Dealing with the Trigger (s)

When you have a flare-up, finding the trigger is important - if there is one. If there is a trigger, the orthostatic problem will often not get better until the trigger settles down.

The goal is to get your orthostatic symptoms to settle down. That means you will need to figure out what has triggered the change and then modify things if you can so that you can prevent future episodes.

If you know what triggered the change, either remove it or get it to settle down

If it was triggered by hot temperature outside and in the house, is the house still hot? Can you go somewhere that is cooler? Can you cool your body off? Cool shower, cold soda can on your forehead or the back of the neck, etc. Check out Manage Temperature for more ideas.

If it was triggered by an acute illness like a cold or the stomach flu, have you been in bed for a couple of days? It will probably be around for a few days. You will need to take care of yourself and make sure you get your fluids and salt.

If it is an infection that needs to be evaluated by your physician, have you been checked. Are you taking care of yourself?

If you have allergies, are you taking antihistamines? Allergies trigger the release of histamine - which makes blood vessels dilate (enlarge). It interferes with controlling blood pressure.

If you don't know what triggered the change, here's some possibilities to consider:

  1. Heat - hot temperature outside, inside in a crowd, a heated pool
  2. An acute illness like a cold or the stomach flu.
  3. Allergy - are you allergic to anything that you know of? Have you been exposed to it lately? If you have, make sure you aren't exposed anymore. Allergic reactions release the chemical histamine in the body. Histamine makes blood vessels dilate. Try an over-the-counter antihistamine to see if helps control your BP and symptoms better. (If you have had major allergic reaction, check with your physician about treating it. You can take care of this yourself if it is something you have had before and have discussed with your doctor.)
  4. Do you have delayed hypersensitivity to food proteins, like cow's milk protein? Have you been eating food with the food protein? Try to avoid it - seriously avoid it.
    • For now, it will take a while for either of these reactions to clear from your body. You will need to increase your fluids/salt and take precautions while it clears your body.
  5. Do you have asthma? Have you been taking albuterol or another beta agonist inhaler? (They are like epinephrine that is released when you stand up.)
  6. For women:
    • Is it time for your menstrual cycle (your period)
    • Do you have pain in the lower part of the abdomen, do you have like endometriosis or other pelvic problems?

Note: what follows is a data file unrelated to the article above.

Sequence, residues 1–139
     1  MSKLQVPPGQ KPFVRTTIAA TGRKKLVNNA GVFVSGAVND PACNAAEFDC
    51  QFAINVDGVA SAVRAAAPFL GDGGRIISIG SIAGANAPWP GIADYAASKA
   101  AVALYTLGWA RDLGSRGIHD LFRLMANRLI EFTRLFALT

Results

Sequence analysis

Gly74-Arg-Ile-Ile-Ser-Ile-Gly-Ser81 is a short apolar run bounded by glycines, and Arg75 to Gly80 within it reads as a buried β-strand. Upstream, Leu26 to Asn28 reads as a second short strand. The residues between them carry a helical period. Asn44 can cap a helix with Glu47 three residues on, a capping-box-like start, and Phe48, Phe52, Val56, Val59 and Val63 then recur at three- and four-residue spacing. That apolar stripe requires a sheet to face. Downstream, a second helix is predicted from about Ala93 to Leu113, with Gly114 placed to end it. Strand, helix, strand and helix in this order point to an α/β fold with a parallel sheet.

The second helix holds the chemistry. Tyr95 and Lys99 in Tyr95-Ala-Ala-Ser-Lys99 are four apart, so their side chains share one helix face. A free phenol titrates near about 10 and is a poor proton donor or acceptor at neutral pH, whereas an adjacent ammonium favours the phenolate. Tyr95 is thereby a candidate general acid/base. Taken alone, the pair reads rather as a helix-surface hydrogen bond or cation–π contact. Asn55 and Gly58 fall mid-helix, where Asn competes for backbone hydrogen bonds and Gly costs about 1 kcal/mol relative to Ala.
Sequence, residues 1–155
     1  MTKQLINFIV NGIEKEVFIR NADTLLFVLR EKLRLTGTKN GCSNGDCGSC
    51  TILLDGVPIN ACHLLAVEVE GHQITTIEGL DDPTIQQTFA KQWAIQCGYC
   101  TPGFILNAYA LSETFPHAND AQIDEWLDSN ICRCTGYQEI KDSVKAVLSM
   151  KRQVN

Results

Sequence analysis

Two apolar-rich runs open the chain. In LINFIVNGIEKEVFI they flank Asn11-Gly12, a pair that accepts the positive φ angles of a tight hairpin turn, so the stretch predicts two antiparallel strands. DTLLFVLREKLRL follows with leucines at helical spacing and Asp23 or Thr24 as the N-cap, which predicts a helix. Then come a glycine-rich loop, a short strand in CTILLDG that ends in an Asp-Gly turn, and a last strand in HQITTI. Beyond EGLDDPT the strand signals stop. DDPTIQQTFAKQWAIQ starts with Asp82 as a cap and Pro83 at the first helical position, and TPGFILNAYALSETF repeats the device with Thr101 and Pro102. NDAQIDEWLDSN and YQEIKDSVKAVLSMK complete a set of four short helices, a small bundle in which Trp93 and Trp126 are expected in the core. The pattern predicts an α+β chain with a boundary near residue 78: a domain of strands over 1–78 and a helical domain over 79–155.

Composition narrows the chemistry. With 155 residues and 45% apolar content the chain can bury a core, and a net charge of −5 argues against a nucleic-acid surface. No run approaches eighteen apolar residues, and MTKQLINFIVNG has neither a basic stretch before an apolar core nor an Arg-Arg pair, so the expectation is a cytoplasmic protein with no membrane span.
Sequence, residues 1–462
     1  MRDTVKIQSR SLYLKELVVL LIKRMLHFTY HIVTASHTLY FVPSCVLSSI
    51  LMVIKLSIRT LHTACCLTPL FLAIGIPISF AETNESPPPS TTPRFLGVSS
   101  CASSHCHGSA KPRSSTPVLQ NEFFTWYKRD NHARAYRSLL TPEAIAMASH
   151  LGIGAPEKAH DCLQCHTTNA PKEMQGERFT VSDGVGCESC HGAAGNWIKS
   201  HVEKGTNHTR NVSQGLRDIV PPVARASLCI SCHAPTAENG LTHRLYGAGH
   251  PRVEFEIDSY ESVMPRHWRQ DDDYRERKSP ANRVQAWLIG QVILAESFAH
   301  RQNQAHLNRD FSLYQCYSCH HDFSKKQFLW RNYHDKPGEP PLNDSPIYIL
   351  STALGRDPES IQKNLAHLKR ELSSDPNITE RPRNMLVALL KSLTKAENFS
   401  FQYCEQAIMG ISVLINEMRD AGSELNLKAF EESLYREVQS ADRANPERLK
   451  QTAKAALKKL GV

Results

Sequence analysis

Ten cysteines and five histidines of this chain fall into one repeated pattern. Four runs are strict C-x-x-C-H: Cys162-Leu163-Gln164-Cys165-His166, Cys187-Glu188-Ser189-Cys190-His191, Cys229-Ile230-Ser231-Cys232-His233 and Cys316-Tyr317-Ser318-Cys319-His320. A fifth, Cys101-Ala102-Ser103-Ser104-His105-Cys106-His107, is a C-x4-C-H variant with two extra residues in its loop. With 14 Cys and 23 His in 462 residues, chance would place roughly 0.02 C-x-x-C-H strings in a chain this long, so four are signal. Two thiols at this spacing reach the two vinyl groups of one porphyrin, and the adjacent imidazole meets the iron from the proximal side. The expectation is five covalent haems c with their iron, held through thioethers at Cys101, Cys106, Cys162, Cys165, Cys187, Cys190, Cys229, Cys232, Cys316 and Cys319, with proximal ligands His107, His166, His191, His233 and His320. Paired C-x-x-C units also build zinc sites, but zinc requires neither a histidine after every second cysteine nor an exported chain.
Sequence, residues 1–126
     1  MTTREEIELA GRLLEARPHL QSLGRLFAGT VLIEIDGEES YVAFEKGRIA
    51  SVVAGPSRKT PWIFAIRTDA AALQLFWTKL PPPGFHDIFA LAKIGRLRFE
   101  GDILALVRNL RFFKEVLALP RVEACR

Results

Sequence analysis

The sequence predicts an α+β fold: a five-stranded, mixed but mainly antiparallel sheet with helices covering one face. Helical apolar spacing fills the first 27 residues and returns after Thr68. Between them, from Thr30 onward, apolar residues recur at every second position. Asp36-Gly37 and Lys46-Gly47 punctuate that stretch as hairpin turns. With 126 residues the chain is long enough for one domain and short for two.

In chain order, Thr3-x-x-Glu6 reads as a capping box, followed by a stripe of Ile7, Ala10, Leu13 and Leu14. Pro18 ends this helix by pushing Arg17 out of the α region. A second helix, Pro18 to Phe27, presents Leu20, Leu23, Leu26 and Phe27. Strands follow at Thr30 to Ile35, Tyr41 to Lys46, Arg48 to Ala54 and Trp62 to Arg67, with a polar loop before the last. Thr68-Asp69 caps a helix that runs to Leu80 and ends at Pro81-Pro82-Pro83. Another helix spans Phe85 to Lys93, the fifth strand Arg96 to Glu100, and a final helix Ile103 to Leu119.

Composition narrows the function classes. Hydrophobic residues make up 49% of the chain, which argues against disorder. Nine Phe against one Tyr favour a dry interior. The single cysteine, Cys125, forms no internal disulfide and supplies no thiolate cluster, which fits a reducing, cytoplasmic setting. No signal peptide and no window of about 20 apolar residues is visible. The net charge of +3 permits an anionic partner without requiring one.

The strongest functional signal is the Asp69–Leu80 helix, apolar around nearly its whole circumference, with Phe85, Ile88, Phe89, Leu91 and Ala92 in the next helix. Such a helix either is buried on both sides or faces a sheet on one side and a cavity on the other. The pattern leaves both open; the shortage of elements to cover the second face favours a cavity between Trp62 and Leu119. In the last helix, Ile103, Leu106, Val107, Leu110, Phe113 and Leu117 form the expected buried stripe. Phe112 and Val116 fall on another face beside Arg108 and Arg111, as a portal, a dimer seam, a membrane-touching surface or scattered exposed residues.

7. Are you anemic? Is it getting worse? Has it been evaluated to find what kind of anemia it is? Do you need iron supplements to correct it? (See Secondary Conditions)
  8. Have you started a new medication or herb that might be interfering with your other medication or has a side effect of lowering blood pressure? If you've been on a medication for a while and doing ok with it, has the dose been increased lately? (Check out the list)of durgs and herbs that can have symptoms with standing.)
  9. Sometimes your body does ok with 1 of these triggers, but do you have more than 1 trigger going on at once?

Always - go back and review fluids and salt intake

Sometimes, it's easy to lose track of fluids or salt intake. There might be a change in the daily routine and not notice how it has changed the fluids and salt intake.

Case Study: Ms X has started a new routine, doing a morning routine of stretching and meditation. She doesn't eat and take her salt tablets until after she has been up for 2-3 hours but she is drinking more water during that time. She has started to feel more symptoms when she stands up and moving around after she's been up for 4-5 hours.
Then later, she goes to the Y and has been drinking 2 bottles of water while she is doing her sitting exercises. She is feeling more symptoms later in the day, more headache when she is standing up. Headache when she is sitting in her chair. She wonders if something is off.

Assessment: This is a mild flare-up. She took fluids with salt tablets every 1 1/2 hours for 3 times and started to feel better.

Search for the trigger:   She reviewed her fluids and salt intake for the last 2 days: She is taking in a lot of fluids but they are mostly before she takes her salt tablets, which she takes with her meals, hours later.

Solution:   She is going to take a snack and buffered salt tablets right away in the morning before she starts her stretching. She is taking salt tablets and a small snack (to help her stomach not get upset from the salt tablets) before she goes to the Y.

Does it work?   Don't know the answer yet.

Can't find a trigger? .....

The other fact about OI, POTS and NMH is that the symptoms can be cyclical. That means that things that were working can not work so well for no reason that you can figure out. The literature notes that these are "cyclical" - there isn't an explanation or anything specific you can do about it if it is just a change in the cycle.3   You just have to do your best to get through it.

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  1. Figueroa JJ, Basford JR, Low PA.    Preventing and treating orthostatic hypotension: As easy as A, B, C. Cleve Clin J Med. 2010 May;77(5):298-306. Abstract --- Article PDF
  2. Rowe, Peter.  General Information Brochure on Orthostatic Intolerance and Its Treatment. June 2010. Accessed from http://www.cfids.org/webinar/cfsinfo2010.pdf. Accessed May 28.2012.
  3. Johnson JN, Mack KJ, Kuntz NL, Brands CK, Porter CJ and Fischer PR. Postural Orthostatic Tachycardia Syndrome: A Clinical Review. Pediatr Neuro 2010; 42:77-85. Abstract.


Author: Kay E. Jewell, MD
Page Last Updated: August 6, 2012